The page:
Saturday, June 1, 2019

Hillside Students as Urban Planners - Visions of Downtown and the Waterfront

By Natalie Barry

This past January, Hillside teacher Dianna Clarke invited me to speak to the 2nd grade about Hastings history. I had a great time talking about early industry in the ravine, our waterfront factories, plus sharing “then and now” photos of important buildings from Hastings’ past. 

As I was walking out of Ms. Clarke’s classroom, I came upon some wonderfully creative dioramas of downtown Hastings, which were displayed in the hallway. I was so struck by these projects, I immediately pulled out my cell phone and took some photos. When I emailed Ms. Clarke to ask what they were all about, she explained:

We’ve been learning about different types of communities, including our own, and what goods and services are available in our community. Students were asked to pick a business on Main Street or Warburton Avenue to create and then present to the class the goods or services the business provides.  Students were so excited to share what they had learned!  Their projects looked fantastic when we put them all together to recreate some of the streets in Hastings. 

With the permission of Amy Cazes, the principal of Hillside, I’m happy to share my photos of the diorama projects put together by Ms. Clarke’s class. If you look closely, you can see that the kids included some incredible details, including conversations going on within an establishment (see Sakura Garden) and others that show goods in the window (e.g., Hastings Own Bagel). And we have a very realistic depiction of the Village Balloon and Flower Shop, which closed its doors a few weeks ago. 


Ms. Clarke also told me about the final segment of the 2nd graders’ studies concerning Hastings history. Here’s what was involved:

Lastly, the students studied the Hastings waterfront. They looked at the past land use of the waterfront and were asked to create a plan for the current empty space. Students were very thoughtful in their planning, thinking of a plan that would benefit many in the community. There were so many fabulous ideas, including an amphitheater to hear bands and performances, a hotel for visiting family and friends, an aquarium that highlights the Hudson River, and the first In-N-Out Burger on the East Coast. Students learned a lot about their community and are invested in the future of the waterfront.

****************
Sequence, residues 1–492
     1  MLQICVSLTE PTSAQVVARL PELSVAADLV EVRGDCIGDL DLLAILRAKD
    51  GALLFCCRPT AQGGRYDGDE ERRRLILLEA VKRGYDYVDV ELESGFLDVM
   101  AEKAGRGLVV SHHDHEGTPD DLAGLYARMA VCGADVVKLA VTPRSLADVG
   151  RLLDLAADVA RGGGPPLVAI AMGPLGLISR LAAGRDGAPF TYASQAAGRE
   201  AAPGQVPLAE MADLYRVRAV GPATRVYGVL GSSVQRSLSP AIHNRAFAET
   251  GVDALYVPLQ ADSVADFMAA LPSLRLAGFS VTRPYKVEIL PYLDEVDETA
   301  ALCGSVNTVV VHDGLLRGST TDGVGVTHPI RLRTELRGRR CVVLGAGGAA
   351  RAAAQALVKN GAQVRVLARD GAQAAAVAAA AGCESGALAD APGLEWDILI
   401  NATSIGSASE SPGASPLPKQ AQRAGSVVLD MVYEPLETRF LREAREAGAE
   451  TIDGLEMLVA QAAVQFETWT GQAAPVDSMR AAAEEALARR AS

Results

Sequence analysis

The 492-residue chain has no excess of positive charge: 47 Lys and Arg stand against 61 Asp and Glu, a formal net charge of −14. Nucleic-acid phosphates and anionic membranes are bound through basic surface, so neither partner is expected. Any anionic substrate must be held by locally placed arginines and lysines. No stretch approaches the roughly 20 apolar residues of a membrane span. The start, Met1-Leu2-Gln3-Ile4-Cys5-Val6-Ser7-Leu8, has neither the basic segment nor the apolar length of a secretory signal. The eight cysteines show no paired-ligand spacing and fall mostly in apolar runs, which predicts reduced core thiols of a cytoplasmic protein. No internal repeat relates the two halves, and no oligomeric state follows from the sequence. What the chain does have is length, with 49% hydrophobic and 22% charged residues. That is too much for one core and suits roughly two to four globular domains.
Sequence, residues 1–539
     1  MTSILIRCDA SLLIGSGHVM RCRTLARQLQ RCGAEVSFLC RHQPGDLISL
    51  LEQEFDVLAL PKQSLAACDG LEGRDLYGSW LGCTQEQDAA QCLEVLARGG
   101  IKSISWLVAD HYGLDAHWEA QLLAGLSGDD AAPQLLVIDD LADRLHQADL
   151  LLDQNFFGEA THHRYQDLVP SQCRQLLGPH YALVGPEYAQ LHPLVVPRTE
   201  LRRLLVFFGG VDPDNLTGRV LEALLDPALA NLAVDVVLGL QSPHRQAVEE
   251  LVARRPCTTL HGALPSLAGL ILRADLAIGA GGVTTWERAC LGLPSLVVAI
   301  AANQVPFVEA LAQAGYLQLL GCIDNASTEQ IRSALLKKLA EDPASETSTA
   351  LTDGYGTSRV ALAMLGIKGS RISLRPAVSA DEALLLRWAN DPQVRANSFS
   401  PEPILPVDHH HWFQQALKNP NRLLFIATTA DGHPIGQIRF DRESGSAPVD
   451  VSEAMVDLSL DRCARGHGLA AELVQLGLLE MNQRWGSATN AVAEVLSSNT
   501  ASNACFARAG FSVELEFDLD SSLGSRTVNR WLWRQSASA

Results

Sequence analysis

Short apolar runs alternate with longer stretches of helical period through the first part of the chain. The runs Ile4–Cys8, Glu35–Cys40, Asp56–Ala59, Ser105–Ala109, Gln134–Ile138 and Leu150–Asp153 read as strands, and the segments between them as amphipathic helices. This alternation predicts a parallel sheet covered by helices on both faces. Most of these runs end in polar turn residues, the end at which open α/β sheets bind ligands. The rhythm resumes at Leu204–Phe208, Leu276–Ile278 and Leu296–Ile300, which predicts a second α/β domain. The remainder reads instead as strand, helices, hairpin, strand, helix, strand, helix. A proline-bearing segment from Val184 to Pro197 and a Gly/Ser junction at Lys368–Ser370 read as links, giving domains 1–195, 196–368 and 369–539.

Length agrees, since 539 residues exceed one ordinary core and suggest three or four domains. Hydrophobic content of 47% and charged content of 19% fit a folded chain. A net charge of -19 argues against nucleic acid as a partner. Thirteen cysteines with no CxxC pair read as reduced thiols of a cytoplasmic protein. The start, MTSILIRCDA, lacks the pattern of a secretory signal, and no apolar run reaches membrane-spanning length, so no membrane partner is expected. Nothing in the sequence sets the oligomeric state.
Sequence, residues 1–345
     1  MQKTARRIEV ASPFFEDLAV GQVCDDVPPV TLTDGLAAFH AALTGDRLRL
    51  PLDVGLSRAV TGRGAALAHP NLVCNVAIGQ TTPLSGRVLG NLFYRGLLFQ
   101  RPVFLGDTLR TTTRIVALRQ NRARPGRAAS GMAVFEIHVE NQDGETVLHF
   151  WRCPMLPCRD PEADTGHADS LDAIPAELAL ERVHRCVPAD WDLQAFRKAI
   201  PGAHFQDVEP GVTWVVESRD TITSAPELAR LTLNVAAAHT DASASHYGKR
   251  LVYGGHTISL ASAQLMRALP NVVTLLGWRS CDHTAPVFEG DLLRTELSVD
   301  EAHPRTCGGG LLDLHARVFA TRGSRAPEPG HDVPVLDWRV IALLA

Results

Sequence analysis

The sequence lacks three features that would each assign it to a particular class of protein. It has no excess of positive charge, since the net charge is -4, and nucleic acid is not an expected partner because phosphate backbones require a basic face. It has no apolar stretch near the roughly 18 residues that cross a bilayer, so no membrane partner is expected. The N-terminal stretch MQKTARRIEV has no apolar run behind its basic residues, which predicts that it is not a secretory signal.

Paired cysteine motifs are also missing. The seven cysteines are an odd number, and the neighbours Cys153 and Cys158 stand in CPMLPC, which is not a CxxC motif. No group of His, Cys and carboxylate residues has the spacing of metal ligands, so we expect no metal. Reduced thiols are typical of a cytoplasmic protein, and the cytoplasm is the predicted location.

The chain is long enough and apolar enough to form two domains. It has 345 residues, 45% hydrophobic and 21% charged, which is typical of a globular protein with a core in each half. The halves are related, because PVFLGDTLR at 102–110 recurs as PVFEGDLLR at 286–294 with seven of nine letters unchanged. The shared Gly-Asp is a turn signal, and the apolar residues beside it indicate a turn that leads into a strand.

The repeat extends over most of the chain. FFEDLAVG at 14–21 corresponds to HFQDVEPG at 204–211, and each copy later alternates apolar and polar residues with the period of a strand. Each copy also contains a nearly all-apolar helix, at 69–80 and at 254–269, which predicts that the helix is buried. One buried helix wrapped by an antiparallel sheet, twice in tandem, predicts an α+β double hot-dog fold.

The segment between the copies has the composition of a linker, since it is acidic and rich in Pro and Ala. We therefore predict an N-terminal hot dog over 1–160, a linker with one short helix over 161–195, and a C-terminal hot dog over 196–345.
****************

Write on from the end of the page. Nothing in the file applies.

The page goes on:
The following are some of the drawings done by Ms. Clarke’s students, which depict what they envisioned on the waterfront. I hope you’ll agree that they did a terrific job of imagining what could be possible for the future of village!

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Wednesday, January 23, 2019

Telephone Booths and Numbers 

I“On This Day in History,” featured in The New York Times, it mentioned that on January 7, 1951, the minimum price of a coin-box telephone call rose to 10 cents from 5 cents in the state of New York.  

This made me think about those coin-box telephone booths that were located around Hastings.  There was one located outside the auditorium in the High School that was often used to call home for a ride back from an event at the school. And there was one outside the Center Restaurant, or was there just a phone inside?  I’ve forgotten.  That was used if you were in the middle of the village and needed a lift or had to check in with your parents.  I’m sure there was one near the train station and I remember some near service stations.  And now, they’re gone.  Cell phones are much easier.  It’s no longer necessary to fish through in your pockets or purse for that much needed dime.  But there was something special about pulling the door of that booth closed to have a private conversation.

by Judy Chamberlain (née Wemer)


A recently unearthed piece of ephemera included a set of very important numbers. At least important to a teenager in Hastings in the 80s. 

The numbers to various pay phones throughout the village: the A&P, just before the Gulf station on Warburton and the two in the alley outside of the Center Restaurant. Of course they were nothing like using the one wooden phone booth. In my twenties and thirties, I used the one at The Hastings House in the back beyond the dining room and John's Bar & Grill – creaking shut the door and dialing the rotary phone.

by Lindsey Taylor


In 1961, The Hastings News kept us informed about the new and emerging area code: 914. 


This was perhaps the last payphone in Hastings-on-Hudson, in the now defunct Tony's Steak & Seafood’s foyer. Photographed by Jeff S Alterman.  Posted to Facebook December 18, 2015. 


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